Another element that influences discussion is infrastructure – the nuts and bolts and bits and bytes of the digital or physical classroom. While infrastructure is certainly important, it is often outside of the purview of an individual faculty member or a design team at the course design level. Thus, infrastructure is not addressed here beyond noting that institutions should heed the paradigm shift from passive dissemination to active collaboration and construct physical and digital course rooms that support this shift.

Alignment is the crux of all instructional design. A discussion-based course design is no different. The objectives, resources, activities, and assessments must all align with the intent for learners to develop and demonstrate proficiency through discussion. A lack of alignment with any one of these components can pull the focus away from the priority on discourse required in a discussion-based approach.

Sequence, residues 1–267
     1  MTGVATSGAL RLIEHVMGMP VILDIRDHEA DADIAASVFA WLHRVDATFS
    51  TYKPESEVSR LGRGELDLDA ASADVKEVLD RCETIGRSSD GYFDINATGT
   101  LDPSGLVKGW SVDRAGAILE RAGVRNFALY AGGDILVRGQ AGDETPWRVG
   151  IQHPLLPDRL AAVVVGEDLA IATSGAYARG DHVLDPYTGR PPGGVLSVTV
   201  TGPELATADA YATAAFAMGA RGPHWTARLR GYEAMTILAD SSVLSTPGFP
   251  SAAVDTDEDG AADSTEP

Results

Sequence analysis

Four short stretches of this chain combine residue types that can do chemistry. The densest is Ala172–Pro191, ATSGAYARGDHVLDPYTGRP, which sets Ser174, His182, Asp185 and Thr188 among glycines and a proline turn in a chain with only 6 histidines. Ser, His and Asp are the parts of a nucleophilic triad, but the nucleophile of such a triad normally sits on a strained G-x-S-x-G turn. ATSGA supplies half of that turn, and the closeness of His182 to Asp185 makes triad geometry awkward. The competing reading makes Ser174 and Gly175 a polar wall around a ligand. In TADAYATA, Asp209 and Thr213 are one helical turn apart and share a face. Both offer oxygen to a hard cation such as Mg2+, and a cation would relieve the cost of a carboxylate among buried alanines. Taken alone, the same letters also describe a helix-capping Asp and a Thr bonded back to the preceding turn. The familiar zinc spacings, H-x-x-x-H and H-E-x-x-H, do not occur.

Dr. Barbara M. Hall is an Associate Professor and Program Chair of the instructional design program in the College of Education at Ashford University. She also serves as a consultant for a private firm specializing in re-designing on-site courses for online delivery. Dr. Hall earned a Ph.D. in instructional design and has 22 years of experience designing and facilitating training. She is a professional member of OLC, a certified peer reviewer with Quality Matters, and a reviewer for multiple journals and conferences. She frequently presents and publishes her research focused on designing for discussion-based teaching and learning, particularly intersubjectivity within peer participation in online discussions and collaborative activities. Dr. Hall lives with three of her four children in Chapel Hill, North Carolina.